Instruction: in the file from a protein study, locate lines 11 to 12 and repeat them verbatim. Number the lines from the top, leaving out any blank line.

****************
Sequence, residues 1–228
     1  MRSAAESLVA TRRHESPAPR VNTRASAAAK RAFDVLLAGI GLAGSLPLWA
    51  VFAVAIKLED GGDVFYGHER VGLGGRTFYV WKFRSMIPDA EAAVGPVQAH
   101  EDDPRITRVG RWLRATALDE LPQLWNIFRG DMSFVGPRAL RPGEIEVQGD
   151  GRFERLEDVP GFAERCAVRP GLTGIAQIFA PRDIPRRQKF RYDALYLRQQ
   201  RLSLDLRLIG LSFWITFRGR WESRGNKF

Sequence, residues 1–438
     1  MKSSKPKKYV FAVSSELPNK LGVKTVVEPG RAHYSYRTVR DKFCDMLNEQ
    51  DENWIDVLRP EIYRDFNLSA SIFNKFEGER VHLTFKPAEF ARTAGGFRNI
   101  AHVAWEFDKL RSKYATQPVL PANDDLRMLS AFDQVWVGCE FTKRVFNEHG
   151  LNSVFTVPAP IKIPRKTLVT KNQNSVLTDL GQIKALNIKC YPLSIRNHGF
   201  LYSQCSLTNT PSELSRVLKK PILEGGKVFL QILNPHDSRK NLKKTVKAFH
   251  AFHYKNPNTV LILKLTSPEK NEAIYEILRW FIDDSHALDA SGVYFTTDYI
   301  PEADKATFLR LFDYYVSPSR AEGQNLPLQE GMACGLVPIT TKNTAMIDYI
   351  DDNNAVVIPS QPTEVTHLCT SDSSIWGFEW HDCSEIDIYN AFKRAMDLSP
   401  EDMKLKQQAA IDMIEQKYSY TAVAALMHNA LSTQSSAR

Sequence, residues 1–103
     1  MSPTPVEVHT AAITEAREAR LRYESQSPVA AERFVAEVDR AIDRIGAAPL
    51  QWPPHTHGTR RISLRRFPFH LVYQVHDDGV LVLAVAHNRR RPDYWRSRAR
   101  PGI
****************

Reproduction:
   151  LNSVFTVPAP IKIPRKTLVT KNQNSVLTDL GQIKALNIKC YPLSIRNHGF
   201  LYSQCSLTNT PSELSRVLKK PILEGGKVFL QILNPHDSRK NLKKTVKAFH